When inner body temperature gets too hot, the body redirects blood flow toward the skin to cool down, Jay said. But that diverts blood and oxygen away from the stomach and intestines, and can allow toxins normally confined to the gut area to leak into circulation.
“That sets off a cascade of effects,” Jay said. “Clotting around the body and multiple organ failure and, ultimately, death.”
But the bigger killer in heat is the strain on the heart, especially for people who have cardiovascular disease, Jay said.
It again starts with blood rushing to the skin to help shed core heat. That causes blood pressure to drop. The heart responds by trying to pump more blood to keep you from passing out.
“You’re asking the heart to do a lot more work than it usually has to do,” Jay said. For someone with a heart condition “it’s like running for a bus with dodgy (hamstring). Something’s going to give.”
The third main way is dangerous dehydration. As people sweat, they lose liquids to a point that can severely stress kidneys, Jay said.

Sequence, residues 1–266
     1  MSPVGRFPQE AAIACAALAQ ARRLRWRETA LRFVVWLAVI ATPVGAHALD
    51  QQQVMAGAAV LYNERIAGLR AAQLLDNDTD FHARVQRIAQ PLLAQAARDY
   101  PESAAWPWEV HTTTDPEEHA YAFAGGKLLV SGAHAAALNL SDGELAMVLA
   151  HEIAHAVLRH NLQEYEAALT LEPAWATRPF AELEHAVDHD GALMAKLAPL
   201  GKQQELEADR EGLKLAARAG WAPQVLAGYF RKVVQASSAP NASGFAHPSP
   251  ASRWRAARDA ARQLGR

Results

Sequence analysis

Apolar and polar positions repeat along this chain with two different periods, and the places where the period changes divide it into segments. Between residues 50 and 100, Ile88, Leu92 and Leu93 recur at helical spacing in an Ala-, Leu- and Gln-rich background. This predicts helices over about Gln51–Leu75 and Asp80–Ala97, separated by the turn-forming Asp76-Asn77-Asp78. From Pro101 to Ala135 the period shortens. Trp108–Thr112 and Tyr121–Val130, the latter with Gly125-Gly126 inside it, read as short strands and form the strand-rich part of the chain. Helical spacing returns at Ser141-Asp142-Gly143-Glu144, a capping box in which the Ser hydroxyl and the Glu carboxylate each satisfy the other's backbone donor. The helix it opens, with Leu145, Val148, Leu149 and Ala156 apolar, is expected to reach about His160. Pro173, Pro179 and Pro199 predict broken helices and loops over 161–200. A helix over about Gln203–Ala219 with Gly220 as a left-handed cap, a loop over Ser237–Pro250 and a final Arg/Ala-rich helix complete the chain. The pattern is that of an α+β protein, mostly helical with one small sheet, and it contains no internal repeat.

Many people may not realize their danger, Houston’s Gandhi said.
Dehydration can progress into shock, causing organs to shut down from lack of blood, oxygen and nutrients, leading to seizures and death, said Dr. Renee Salas, a Harvard University professor of public health and an emergency room physician at Massachusetts General Hospital.
“Dehydration can be very dangerous and even deadly for everyone if it gets bad enough — but it is especially dangerous for those with medical conditions and on certain medications,” Salas said.
Dehydration also reduces blood flow and magnifies cardiac problems, Jay said.
Attacking the brain
Heat also affects the brain. It can cause a person to have confusion, or trouble thinking, several doctors said.
“One of the first symptoms you’re getting into trouble with the heat is if you get confused,” said University of Washington public health and climate professor Kris Ebi. That’s little help as a symptom because the person suffering from the heat is unlikely to recognize it, she said. And it becomes a bigger problem as people age.
One of the classic definitions of heat stroke is a core body temperature of 104 degrees “coupled with cognitive dysfunction,” said Pennsylvania State University physiology professor W. Larry Kenney.